Tuesday, December 13, 2011
Rookies make most of first practice
By Tom Lakin
WALTHAM, Mass. -- Following the first practice of their NBA careers, Celtics rookies JaJuan Johnson and E'Twaun Moore sounded like a couple of enthusiastic kids just home from the first day of school.
“Oh man,” said Moore, “the first practice was definitely a good one and exciting to finally get the nerves out of my system. I’ve been watching the past couple days and just learning and … seeing how the Celtics do it.”
“It was great,” Johnson said. “I learned a lot. It was pretty much just learning the defense. I paid attention to the offense stuff when I was sitting out. But it definitely felt good to be out there on the floor.”
The two Purdue products were drafted in June, Johnson by the New Jersey Nets with the 27th overall pick (before being traded to Boston), and Moore by the Celtics at 55th overall in the second round. Johnson, a 6-foot-10 forward, was named Big Ten Player of the Year and Big Ten Defensive Player of the Year after averaging 20.5 points, 8.6 rebounds and 2.3 blocks per game in his senior season. The 6-foot-4 Moore, a guard, was an honorable mention Associated Press All-American, and averaged 18.0 points, 5.1 rebounds, 3.2 assists and 1.2 steals per game.
Moore and Johnson have been present in camp the past few days, but have been unable to practice before their deals were made official Monday.
“It’s been tough on my legs, really -- just from all that standing,” cracked Johnson of all the waiting around. "You get kinda restless. You’re trying to just take in as much as you can. But it’s been tough. Obviously when you see your teammates competing and things like that you definitely just wanna get out there and get your competitive juices flowing. But I’m just happy to be out here today.”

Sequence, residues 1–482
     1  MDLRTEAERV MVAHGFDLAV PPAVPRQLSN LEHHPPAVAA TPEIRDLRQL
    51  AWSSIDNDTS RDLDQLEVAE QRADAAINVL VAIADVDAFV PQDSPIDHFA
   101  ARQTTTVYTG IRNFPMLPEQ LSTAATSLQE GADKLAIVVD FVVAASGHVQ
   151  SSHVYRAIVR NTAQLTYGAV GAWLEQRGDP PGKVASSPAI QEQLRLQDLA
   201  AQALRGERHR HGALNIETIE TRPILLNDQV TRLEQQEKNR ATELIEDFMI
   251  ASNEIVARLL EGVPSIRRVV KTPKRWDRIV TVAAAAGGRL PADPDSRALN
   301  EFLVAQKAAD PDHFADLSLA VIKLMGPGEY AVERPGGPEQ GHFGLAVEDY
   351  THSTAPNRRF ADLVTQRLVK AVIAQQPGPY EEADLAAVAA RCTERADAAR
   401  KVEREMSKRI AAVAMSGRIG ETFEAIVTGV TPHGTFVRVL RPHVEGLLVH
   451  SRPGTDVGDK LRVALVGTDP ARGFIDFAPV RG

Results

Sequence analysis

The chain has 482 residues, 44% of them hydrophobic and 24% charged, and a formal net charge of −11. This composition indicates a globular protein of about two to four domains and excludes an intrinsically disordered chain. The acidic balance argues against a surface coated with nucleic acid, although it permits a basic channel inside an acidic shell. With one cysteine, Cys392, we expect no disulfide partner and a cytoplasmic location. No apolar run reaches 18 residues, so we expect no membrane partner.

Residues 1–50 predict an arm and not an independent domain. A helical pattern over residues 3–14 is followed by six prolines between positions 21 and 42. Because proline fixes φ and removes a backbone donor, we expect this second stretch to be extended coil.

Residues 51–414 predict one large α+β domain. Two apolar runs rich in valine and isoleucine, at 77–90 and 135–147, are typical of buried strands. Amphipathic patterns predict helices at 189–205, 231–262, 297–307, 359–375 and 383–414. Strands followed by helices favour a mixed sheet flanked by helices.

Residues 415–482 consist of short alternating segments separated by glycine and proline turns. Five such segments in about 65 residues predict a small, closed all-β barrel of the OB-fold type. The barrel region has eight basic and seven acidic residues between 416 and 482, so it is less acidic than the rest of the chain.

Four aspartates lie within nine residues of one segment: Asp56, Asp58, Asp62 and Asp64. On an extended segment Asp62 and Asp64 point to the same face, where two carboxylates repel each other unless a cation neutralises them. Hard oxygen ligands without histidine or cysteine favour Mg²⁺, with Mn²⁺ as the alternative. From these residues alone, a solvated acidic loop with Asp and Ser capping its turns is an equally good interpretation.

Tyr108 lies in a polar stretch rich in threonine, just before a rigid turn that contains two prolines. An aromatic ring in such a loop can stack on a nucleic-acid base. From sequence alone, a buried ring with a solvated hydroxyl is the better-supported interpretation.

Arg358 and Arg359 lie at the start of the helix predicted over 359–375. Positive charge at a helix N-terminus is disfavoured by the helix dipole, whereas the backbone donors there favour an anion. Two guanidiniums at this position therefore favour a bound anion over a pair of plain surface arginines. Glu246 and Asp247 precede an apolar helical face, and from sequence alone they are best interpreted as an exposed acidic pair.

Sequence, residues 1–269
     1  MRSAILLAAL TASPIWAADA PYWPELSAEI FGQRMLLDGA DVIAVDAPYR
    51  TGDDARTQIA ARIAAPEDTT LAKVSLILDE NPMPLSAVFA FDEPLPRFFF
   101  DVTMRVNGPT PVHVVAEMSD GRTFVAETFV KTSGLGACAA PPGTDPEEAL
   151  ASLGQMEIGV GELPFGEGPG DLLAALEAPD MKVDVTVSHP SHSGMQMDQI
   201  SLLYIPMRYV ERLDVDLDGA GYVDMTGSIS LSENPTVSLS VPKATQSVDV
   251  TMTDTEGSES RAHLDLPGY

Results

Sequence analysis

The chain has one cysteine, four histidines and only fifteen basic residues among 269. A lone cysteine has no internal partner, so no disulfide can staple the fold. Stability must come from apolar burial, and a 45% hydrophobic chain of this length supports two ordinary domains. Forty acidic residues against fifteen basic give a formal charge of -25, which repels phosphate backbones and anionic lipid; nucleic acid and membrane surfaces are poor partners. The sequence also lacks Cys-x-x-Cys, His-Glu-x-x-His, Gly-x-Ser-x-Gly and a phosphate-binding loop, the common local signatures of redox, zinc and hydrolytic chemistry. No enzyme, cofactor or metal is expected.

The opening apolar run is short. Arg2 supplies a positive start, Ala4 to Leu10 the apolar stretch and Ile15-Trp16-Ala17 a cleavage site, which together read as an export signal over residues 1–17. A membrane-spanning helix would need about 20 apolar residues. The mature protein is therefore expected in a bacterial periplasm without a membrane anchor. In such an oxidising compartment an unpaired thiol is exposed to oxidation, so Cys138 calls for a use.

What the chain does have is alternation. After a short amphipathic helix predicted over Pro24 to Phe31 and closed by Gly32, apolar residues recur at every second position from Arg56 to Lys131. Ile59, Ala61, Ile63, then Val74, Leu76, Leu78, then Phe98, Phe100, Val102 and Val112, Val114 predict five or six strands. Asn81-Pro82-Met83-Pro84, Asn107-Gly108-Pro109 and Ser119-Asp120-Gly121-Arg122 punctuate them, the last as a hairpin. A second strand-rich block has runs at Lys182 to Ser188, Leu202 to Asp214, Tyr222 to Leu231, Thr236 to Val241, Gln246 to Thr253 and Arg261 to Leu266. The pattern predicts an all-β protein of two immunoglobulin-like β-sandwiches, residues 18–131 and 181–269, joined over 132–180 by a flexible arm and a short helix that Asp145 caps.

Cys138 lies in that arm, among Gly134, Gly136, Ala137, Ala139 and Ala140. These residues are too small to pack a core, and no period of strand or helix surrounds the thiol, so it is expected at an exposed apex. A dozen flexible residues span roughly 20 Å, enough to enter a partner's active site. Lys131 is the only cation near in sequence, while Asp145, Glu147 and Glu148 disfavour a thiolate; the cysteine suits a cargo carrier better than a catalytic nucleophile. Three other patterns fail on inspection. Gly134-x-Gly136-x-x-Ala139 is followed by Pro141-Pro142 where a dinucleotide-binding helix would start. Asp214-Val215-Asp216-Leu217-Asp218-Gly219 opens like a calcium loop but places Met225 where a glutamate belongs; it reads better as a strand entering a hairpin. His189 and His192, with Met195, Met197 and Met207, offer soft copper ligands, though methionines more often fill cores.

Now that they’re officially Celtics, both rookies stressed the importance of learning as much as possible from the team’s veterans early on and expressed an eagerness to soak up all they can.
“It’s just [about] coming with confidence and paying attention to the guys in front of you,” said Moore. “Like I said, I’ve been watching the past couple days, definitely watching the guards -- Keyon Dooling and [Rajon] Rondo -- how they come off of screens and how they set the tempo of the offense. So it’s definitely been fun coming out here and watching them play.”
“[Communication] is a huge emphasis on this team,” Johnson said. “The veteran guys, they’re the ones that really emphasize communication, and it helps having a guy to look up to like [Kevin Garnett] who’s very vocal out there on the floor. It’s kind of contagious with the other guys.”
During the lockout, Moore got some experience overseas, averaging 14.5 points, 3.8 rebounds, and 38.5 percent shooting from behind the arc with Benetton Treviso of Italy’s Lega Serie A.
“It definitely helped me a lot,” Moore said of his time in Italy. “The biggest thing I think I learned from being over there was patience, the patience of the game. I sometimes thought, ‘Twenty-four seconds, so okay, you gotta play faster,’ but that’s not true. Actually you slow the game down and you react faster to everything. So that was the biggest thing, just patience.”
Johnson echoed Moore, saying, “I definitely think he is more confident [now]. He came in here, didn’t miss a beat. He was really efficient. They had him running some point and I think he had some experience doing that overseas too, so I think it just did nothing but help him.”
The two Celtics rookies aren’t sure how much they’ll be used this year and president of basketball operations Danny Ainge was non-committal, noting, “I don’t know, they’re rookies. They’ve been out here for two hours so far this year.”
Celtics coach Doc Rivers didn't mind offering a glowing first-practice evaluation: "JaJuan shot the heck out of the ball today and he runs the floor. E'Twaun was one of the best players in the gym today, forget being a rookie."
Moore and Johnson said that no matter what happens, it’ll be easier going through it together.
“It makes it a lot easier,” Johnson said. “You know, you can go back to the hotel, have someone to talk to about practice, things like that. it definitely makes it easier just to have that familiar face with you.”
Echoed Moore: “Yeah, it’s much easier having a guy that I know. We kinda grew up together in a sense, from high school to the NBA, so it’s definitely going to be great having him around.”